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Discussion Starter #1
I have a transmission line that is almost worn through, so I pulled it off. I planned on just taking it to a hose company (it was a hydraulic hose) and having them make me a new one, but they aren't cheap and do high quality work. While I was under the truck I noticed one metal line was creased pretty bad from some previous shoddy repair work, and another line was rubbing badly on metal surfaces. I figured I would have the hose company remake me all new hydraulic rubber lines for everything but the cost of that is going to sky rocket. I search Google and found a kit for rubber lines, but it talks about doing a heat exchanger bypass.

So my question is, how can I tell if this bypass has already been done on my truck? Also, if it hasn't been done, do you guys recommend i bypass it? I live in Texas, but my life seems to take me in all kinds of unpredictable directions, including the north in the winter. I don't want to have an issue in -15 weather because I bypassed a heater.

Link to the lines

Thoughts?
 

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The heat exchanger is not a heater, it's a cooler. Guys bypass them all the time, but I, personally, don't recommend it. It does perform an important function.
 

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Discussion Starter #3
The heat exchanger is not a heater, it's a cooler. Guys bypass them all the time, but I, personally, don't recommend it. It does perform an important function.
Ah! Thank you for clarifying that for me. Any idea why they recommend bypassing it? What problems are they trying to ovoid by bypassing?
 

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The heat exchanger can fail internally, allowing coolant into the transmission fluid and transmission fluid into the coolant. It's not something I see very often (I actually can't remember the last one I saw do that), but it COULD happen. That's the main reason why guys delete them.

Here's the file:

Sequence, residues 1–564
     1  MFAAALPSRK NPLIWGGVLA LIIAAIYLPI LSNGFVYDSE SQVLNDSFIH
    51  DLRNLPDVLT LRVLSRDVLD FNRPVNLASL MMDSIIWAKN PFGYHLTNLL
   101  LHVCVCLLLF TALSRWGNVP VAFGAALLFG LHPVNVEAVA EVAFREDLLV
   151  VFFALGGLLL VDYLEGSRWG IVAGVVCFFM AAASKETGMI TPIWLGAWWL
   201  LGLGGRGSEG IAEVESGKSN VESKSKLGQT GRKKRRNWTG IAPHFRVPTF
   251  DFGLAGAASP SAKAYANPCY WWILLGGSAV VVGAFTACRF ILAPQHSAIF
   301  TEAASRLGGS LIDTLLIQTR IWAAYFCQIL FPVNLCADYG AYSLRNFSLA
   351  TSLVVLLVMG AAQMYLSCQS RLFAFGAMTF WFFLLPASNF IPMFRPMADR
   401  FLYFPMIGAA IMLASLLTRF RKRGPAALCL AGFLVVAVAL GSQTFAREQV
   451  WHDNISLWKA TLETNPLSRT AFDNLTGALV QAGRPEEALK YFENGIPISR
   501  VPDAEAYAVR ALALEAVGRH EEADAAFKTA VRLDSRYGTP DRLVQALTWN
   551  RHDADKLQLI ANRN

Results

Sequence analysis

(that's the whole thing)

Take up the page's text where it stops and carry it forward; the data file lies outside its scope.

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Significantly cheaper then full send Diesel’s kit. But you have to make the lines yourself. It’s really not all that complicated. And less than half the cost.
 

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It runs cooler without the torque converter cooler? Hmmm....
 

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Discussion Starter #8
I got 3/4 orb fittings to -8an lines and fittings. Will work with or without coolant bypass. I bypassed. Trans runs way cooler.
I wonder why it would run cooler?
Can anyone else chime in on their experiences with bypassing?
Significantly cheaper then full send Diesel’s kit. But you have to make the lines yourself. It’s really not all that complicated. And less than half the cost.
I saw a video where a guy cut the metal lines out and hose clamped rubber lines to the little bit of metal he left leading to the fittings. Is this what you're talking about?
 

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The trans will run cooler because the hot coolant won't be shedding it's heat to the trans fluid in the head exchanger. Now with the heat exchanger removed and the plumbing separated on both the only thing keep the trans temps in check is the trans cooler. Now there have been mixed reviews on deleting the exchanger. Granted yes it takes the fluid longer to get hotter, but if you're in stop and go with no air flow across the trans cooler there's nothing left to keep the temperatures in check. The heat exchanger can kinda keep the temps around 180-200. If you have a good functioning trans cooler that's operating just fine and you are cruising the highway or doing very little city traffic, I recommend deleting. If you are doing 50/50 it's a toss up on it. Mostly city I recommend keeping it. For example me, I want to delete the heat exchanger, but NO ONE makes a heat exchanger deletion kit. I also want to remove the check ball in the line, but I don't know which line or where it is.
 

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Discussion Starter #10
Looked up some diagrams and crawled up under my truck. Looks like mine has already been bypassed. Interesting
 

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The purpose of the heat exchanger (which is actually called the torque converter cooler) is to cool the fluid coming out of the converter, which quite often exceeds engine coolant temperature by a significant amount. Some of the fluid temps coming from the converter even under normal operation can be downright scary. If you're going to delete the exchanger (which I do not recommend), you should have a way to monitor fluid temp.
 

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Discussion Starter #12
Thanks for the responses guys.
Today I went around to part stores trying to gather supplies, only a few of the doorman line were available near me so I searched for parts to make my own. I could not find the right fittings to make it work. The full send kit is on back order so I found a kit online that comes with fittings and the lines that you make yourself, and it is cheaper than the doorman lines would have been. I ordered it.

On a side note I went ahead and changed the transmission filter and found the reverse band to be waaaay out of spec. Explains some of my issues with reverse!
 
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